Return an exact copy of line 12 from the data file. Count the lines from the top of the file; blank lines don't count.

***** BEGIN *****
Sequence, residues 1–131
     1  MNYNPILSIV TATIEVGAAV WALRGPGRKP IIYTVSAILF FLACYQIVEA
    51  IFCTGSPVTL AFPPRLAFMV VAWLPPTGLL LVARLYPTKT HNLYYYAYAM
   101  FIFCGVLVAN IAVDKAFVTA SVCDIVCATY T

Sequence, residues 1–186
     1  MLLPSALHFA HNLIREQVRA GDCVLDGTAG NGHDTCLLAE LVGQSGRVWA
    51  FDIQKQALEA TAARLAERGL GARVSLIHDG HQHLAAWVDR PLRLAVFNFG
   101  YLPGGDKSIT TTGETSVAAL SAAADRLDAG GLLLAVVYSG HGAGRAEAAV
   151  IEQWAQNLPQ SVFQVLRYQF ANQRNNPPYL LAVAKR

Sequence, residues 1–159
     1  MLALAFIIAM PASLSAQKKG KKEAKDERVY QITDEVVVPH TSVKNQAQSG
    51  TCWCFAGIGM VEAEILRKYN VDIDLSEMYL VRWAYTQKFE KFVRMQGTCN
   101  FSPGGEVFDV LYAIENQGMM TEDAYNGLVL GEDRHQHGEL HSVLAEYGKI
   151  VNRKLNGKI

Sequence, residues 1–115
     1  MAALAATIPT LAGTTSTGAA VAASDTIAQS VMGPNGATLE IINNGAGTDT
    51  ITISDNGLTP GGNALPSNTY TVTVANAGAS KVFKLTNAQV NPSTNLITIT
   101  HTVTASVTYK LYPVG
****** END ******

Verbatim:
    51  TCWCFAGIGM VEAEILRKYN VDIDLSEMYL VRWAYTQKFE KFVRMQGTCN